borderline

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borderline

 [bor´der-lĭn″]
1. of a phenomenon, straddling the dividing line between two categories.
2. a term used in psychiatry for personality disorders originally viewed as being on the border between psychosis and neurosis. See borderline personality disorder.
borderline personality disorder a personality disorder marked by various features of borderline personality organization, such as instability, impulsiveness, intense or poorly controlled anger, inability to tolerate being alone, and chronic feelings of emptiness. Affected individuals sometimes seem to be on the borderline of psychosis and are highly unstable in mood, behavior, self-image, and affect. None of the features of the condition are constant; behavior is highly unpredictable and such persons seldom achieve their full potential. Their interpersonal relationships are often stormy because of their shifts in attitude and their tendency to idealize, devalue, or manipulate others. Suicidal gestures and self-mutilation sometimes occur with this disorder. The American Psychiatric Association has published Practice Guidelines for the Treatment of Patients with Borderline Personality Disorder, which is printed on their web site at http://www.psych.org.

borderline

/bor·der·line/ (-līn) of a phenomenon, straddling the dividing line between two categories.

borderline

(bôr′dər-līn′)
n.
1. A line that establishes or marks a border.
2. An indefinite area intermediate between two qualities or conditions: The borderline between love and hate is often thin.
3. Informal A person with borderline personality disorder.
adj.
1.
a. Verging on a given quality or condition: borderline poverty.
b. Of a questionable nature or quality: an applicant with borderline qualifications.
2. Psychiatry Of, related to, or having borderline personality disorder.

borderline

Etymology: OFr, bordure + L, linea
pertaining to a state of health in which the patient has some of the signs and symptoms of a disease but not enough to justify a definite diagnosis.

borderline

An adjectival expediency widely used in medicine for any condition that cannot be neatly placed in one of usually 2 categories (e.g., benign vs malignant), each of which has a distinct clinical significance to therapy and prognosis. In clinical medicine, pre- is usually affixed to the condition, as in prehypertension or pre-diabetes; in pathology, the phrase “of uncertain malignant potential” is generally preferred.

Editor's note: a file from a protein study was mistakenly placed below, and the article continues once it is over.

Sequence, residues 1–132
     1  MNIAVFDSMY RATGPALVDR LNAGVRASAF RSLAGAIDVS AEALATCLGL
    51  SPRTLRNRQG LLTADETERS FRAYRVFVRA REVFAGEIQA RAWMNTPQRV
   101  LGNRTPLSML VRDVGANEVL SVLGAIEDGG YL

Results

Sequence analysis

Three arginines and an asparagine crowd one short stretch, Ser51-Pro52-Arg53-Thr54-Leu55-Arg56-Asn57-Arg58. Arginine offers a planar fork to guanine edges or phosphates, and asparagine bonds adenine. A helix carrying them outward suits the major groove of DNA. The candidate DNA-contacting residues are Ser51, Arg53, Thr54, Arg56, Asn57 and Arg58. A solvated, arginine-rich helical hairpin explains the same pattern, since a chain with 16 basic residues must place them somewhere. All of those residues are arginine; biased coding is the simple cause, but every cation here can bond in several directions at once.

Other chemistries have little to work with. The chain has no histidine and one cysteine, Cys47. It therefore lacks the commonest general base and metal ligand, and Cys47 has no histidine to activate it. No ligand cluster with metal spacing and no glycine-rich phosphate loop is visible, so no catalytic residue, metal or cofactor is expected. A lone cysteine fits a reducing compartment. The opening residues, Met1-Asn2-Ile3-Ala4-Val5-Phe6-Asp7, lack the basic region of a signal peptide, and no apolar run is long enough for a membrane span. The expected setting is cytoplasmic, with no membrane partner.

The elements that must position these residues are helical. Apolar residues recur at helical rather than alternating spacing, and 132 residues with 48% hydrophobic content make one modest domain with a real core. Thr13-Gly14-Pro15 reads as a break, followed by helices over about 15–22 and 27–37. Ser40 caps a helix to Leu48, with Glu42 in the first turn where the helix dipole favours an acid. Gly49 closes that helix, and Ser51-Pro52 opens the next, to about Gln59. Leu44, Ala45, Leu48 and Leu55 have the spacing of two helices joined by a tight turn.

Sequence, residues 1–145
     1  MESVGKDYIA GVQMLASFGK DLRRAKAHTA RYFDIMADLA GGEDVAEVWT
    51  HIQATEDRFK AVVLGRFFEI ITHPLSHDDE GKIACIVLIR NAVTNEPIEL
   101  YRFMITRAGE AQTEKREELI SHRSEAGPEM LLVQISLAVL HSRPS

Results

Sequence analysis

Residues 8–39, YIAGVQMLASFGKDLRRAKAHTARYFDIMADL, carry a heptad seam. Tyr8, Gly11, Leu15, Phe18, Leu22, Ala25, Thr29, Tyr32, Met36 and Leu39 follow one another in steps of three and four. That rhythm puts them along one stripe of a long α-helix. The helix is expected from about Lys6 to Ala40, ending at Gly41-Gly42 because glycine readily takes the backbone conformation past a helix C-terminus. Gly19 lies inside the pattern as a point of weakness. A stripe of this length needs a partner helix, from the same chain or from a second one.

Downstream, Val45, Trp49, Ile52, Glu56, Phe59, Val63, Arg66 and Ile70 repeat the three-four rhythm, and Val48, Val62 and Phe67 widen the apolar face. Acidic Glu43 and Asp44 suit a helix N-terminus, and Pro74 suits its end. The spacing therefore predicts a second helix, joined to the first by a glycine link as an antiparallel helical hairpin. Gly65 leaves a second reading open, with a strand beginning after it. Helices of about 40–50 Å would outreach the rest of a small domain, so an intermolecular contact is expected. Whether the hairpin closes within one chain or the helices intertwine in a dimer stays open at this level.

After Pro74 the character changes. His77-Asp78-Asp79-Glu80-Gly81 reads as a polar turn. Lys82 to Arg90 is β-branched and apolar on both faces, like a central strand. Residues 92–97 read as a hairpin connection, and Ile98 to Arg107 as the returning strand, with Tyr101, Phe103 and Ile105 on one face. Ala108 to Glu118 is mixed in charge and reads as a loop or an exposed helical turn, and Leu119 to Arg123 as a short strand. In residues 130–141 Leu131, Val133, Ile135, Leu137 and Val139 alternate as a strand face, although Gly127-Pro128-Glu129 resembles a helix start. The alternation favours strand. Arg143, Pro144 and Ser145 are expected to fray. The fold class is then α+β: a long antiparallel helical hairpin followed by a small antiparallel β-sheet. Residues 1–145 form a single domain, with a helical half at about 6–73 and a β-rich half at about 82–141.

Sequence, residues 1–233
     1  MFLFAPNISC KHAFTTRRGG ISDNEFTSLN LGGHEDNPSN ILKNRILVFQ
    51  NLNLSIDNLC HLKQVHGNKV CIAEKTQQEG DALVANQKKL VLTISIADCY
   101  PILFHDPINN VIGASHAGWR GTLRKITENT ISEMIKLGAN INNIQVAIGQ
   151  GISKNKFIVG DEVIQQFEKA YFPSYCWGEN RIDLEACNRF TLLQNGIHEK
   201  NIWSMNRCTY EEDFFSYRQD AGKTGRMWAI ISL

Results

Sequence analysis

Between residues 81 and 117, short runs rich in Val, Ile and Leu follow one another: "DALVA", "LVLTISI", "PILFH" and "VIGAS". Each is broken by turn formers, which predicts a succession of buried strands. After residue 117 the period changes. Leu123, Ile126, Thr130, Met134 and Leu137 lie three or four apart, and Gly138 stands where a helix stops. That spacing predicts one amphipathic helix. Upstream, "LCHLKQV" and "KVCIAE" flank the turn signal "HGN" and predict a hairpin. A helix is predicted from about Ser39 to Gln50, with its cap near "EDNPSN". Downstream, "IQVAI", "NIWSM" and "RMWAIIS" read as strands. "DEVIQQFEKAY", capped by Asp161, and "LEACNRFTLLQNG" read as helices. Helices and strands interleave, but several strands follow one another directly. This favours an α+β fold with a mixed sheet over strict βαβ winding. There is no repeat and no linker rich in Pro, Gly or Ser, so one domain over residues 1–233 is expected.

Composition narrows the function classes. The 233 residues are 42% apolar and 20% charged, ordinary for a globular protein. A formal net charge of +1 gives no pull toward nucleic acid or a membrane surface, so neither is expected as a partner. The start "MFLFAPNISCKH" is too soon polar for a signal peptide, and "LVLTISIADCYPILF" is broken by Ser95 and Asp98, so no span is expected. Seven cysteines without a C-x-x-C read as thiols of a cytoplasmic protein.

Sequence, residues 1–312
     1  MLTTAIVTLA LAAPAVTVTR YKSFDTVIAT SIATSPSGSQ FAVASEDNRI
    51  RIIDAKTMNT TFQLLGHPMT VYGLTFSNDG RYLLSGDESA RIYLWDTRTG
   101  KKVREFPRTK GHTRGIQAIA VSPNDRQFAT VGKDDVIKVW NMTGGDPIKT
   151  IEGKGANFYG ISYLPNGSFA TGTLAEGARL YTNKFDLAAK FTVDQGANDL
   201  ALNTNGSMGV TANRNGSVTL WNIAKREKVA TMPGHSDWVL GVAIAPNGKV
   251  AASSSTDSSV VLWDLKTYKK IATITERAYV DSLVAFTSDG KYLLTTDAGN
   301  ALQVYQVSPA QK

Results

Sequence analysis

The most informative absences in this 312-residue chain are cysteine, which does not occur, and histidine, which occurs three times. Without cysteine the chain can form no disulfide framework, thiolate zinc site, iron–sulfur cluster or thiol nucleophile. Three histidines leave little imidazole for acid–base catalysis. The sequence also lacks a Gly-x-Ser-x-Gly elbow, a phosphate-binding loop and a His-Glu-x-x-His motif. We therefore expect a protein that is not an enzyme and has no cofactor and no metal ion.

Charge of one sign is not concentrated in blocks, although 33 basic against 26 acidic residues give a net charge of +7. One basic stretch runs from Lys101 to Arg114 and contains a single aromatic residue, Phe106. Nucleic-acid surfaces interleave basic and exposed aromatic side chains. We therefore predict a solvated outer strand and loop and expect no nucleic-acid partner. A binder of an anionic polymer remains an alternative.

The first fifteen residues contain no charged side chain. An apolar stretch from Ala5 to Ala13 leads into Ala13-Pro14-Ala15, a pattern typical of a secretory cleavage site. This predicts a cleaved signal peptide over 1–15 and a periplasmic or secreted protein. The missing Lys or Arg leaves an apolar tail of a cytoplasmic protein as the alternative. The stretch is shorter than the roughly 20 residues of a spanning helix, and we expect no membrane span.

borderline

 An adjectival expediency widely used in medicine for any condition that cannot be neatly placed in one of usually 2 categories, each of which has a distinct clinical significance, therapy and prognosis
References in periodicals archive ?
The findings point to "a real, albeit limited role' for neuroleptics in treating borderline patients, psychiatrist John G.
And as we progressed further, many psychiatrists, psychoanalysts, and psychotherapists began using the term borderline to describe patients with a specific type of mental organization--those who were primitive and disorganized--thereby separating the borderline concept from schizophrenia.
Research in the area is increasing, but the evidence base for drug treatment is still far smaller for borderline than for other psychiatric disorders.
I have never seen a borderline patient who is only borderline," Dr.
Plainly a borderline closed curve of the figure which has the hole surrounds inwardly all figures except the figure itself and figures which its other borderline closed curves surround inwardly respectively; yet the borderline closed curve surrounds outwardly the figure and those figures which the other borderline closed curves surround inwardly respectively, therefore we need merely to prove all figures at a planar map from any spherical map, to wit O.
We regret to say that most Iranian phases are located on the sidelines of the field, contrary to those of "Qatar", instead of being located on the borderlines common with "Qatar".
Charles Schulz said at the meeting, where he led an interest group discussion on drug therapy for borderline personality disorder.
I'm particularly pleased to be part of the Mindful States exhibition as any opportunity to shed some light on the more taboo symptoms of Borderline Personality Disorder is really worthwhile.
author of the best-selling, I Hate You-Don't Leave Me-Understanding Borderline Personality Disorder; Richard Moskovitz, M.
One moment calm and engaging, the next tempestuous and combative, borderlines bewilder those around them, straining relationships to the breaking point.
Noting the "Split Risk" sign, I opened the door to my new ward, Emerson 2, Borderlines, with caution, shielded the opening with my body, back-flipped in fast and threw the door closed.

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